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Posted 29 April 2014. PMN Crop News.

A New Twist on Buffer Strips in the Southern Great Plains

Source: American Society of Agronomy Press Release.

Madison, Wisconsin (April 3, 2014)--It can be tough being a crop in the Southern Great Plains. While irrigation has transformed the area into productive agricultural land, crops growing there still face obstacles. Low rainfall and humidity and high solar energy in the region leads to evaporation. Strong winds cause erosion and carry moisture away. As the Ogallala Aquifer, the source of much irrigation water, dries up, farmers and agronomists have to find ways to conserve water and protect their crops – and Sangamesh Angadi may have a solution.


Shelterbelts and buffer strips have often been used to block wind and reduce erosion. Angadi, an assistant professor at New Mexico State University, is adding a twist – he’s making them circular.

“The effectiveness of buffer strips is at a maximum when the wind direction is perpendicular to the strip,” he explains. “But wind direction can vary quite frequently. Circular buffer strips can reduce the wind effect from any direction.”

Blocking the wind’s effects can be extremely useful, especially when used with center pivot and partial pivot irrigation. With center pivot systems, farmers have the ability to irrigate an entire circle of crops. As water sources decline, however, many farmers have moved toward partial pivot irrigation, where only a portion of the circle is irrigated. The farmers plant traditional crops on the irrigated portion while leaving the rest of the circle fallow or planting crops that require less water.

Partial pivot systems can save irrigation water, but they can also create conditions that encourage evaporation. Because only part of the circle is irrigated in these systems, the other part will remain dry. Wind from those dry areas, then, can blow over the irrigated portions and take water from the crops. And the same thing can happen even when the full circle is irrigated if neighboring fields are drier.

“Each pivot or part of a pivot acts as an island of water vulnerable to evaporation,” says Angadi.

Multiple circular buffer strips arranged in concentric circles within the field could help protect those islands. The buffers, made up of grasses, would stop drying winds from reaching the soil surface and reduce the need for additional irrigation.

The use of circular buffer strips in partial pivot fields would take advantage of the part of the field that is left unirrigated. That under-utilized area could be redistributed into the concentric circles of the buffer strips. That way, Angadi says, the farmers would see minimal loss of crop area. In fact, with the many positive impacts expected from the circular buffer strips, total production of the main crop may even increase.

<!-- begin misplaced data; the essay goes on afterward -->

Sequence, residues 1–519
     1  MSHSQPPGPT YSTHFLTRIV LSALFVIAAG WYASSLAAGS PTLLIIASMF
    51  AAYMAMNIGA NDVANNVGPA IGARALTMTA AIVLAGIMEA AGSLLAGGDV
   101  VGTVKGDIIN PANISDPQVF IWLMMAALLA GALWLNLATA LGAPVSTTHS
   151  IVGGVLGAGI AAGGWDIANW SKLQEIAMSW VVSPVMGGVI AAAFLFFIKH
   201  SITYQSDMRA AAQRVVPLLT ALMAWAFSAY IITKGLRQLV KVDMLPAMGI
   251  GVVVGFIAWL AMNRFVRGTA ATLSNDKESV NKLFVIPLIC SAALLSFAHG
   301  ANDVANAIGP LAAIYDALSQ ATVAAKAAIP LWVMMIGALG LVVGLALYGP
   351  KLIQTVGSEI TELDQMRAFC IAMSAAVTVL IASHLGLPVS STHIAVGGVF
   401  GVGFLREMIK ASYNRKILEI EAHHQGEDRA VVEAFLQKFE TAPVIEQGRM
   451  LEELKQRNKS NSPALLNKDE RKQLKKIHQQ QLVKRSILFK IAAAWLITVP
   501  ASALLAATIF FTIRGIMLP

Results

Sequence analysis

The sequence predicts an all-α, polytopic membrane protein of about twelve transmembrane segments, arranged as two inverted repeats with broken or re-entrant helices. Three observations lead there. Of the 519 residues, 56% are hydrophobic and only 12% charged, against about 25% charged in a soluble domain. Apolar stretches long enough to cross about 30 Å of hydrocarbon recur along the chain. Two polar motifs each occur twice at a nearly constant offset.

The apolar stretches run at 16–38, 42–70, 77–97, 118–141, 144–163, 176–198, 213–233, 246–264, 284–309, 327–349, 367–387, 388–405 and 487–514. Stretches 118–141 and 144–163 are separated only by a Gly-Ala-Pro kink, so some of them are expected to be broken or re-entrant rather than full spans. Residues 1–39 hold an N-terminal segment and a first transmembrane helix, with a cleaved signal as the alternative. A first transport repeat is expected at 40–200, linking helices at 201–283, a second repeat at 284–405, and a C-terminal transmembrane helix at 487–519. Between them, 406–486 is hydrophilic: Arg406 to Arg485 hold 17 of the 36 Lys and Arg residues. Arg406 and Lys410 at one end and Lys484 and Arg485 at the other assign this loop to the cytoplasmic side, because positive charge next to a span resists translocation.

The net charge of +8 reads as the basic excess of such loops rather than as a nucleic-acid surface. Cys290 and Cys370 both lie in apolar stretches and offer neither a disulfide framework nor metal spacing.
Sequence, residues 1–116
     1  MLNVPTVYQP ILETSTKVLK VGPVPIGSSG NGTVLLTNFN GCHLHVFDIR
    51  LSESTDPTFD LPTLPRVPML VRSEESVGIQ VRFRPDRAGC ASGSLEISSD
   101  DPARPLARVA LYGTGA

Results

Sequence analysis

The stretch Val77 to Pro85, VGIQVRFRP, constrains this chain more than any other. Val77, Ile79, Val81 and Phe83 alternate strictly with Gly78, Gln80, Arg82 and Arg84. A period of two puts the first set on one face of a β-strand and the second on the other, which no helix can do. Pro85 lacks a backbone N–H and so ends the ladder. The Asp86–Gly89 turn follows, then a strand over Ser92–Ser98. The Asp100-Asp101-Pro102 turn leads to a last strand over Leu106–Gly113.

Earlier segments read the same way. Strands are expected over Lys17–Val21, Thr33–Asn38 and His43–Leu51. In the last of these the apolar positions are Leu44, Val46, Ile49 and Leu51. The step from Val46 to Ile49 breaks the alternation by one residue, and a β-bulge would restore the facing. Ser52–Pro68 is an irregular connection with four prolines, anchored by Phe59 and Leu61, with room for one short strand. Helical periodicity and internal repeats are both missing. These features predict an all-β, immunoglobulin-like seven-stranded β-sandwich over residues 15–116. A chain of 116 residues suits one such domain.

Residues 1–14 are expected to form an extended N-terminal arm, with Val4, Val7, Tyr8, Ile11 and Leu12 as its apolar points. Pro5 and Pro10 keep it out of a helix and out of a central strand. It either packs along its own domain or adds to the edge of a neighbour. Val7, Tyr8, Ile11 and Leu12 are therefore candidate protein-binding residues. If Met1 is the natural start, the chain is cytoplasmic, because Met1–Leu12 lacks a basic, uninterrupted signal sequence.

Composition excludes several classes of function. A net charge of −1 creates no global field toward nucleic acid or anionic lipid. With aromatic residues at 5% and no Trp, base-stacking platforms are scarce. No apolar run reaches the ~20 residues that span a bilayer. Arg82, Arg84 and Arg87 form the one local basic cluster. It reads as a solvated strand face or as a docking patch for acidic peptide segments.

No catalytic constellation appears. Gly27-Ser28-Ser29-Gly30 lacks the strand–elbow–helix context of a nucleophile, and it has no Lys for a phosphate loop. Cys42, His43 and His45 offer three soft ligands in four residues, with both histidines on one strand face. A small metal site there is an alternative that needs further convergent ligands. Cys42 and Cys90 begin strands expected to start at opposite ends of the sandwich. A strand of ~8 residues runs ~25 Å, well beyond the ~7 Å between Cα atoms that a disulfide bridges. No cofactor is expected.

While Angadi is focusing on the water use benefits of the circular buffer strips, he anticipates several other benefits from what has been seen with linear buffer strips. In addition to reducing evaporation, blocking wind can help protect seedlings and improve the microclimate surrounding the crops. The buffers will provide a physical barrier to reduce soil erosion and runoff. And perennial grasses in the buffers can supply offseason forage, sequester carbon, and even provide habitat for wildlife and birds.

With all the potential of circular buffer strips, Angadi is now looking to further test his ideas and work with farmers to implement them. The ideal grass for the buffer strips still needs some investigation, and the choice will likely depend partly on the farmer.

“An ideal grass for the system should be taller growing, have offseason growth potential, be native or better adapted to the area, and have minimal input requirements,” explains Angadi. “The grass will also depend on the needs of the farmer. If the farmers wants to graze animals, forage quality should be considered.”

In addition to working with growers to find the best grasses for the circular buffer strips, Angadi will also consult with them to determine the best way to design and implement the strips. Many farmers in his area of the Southern Great Plains are already growing crops in circles making the adoption of circular buffer strips easier. But the best widths for both the buffer strips and the crops will need to be tested, and adjustments may have to be made to accommodate farm equipment, such as sprayers and combines.

Angadi recognizes the need for further study and planning, but he is excited about the potential of circular buffer strips. It seems as though farmers in his area are too. One farmer with whom has shared his ideas told him, “If you show significant benefits with circular buffer strips in the region, then I will figure out how to make the equipment work with them.”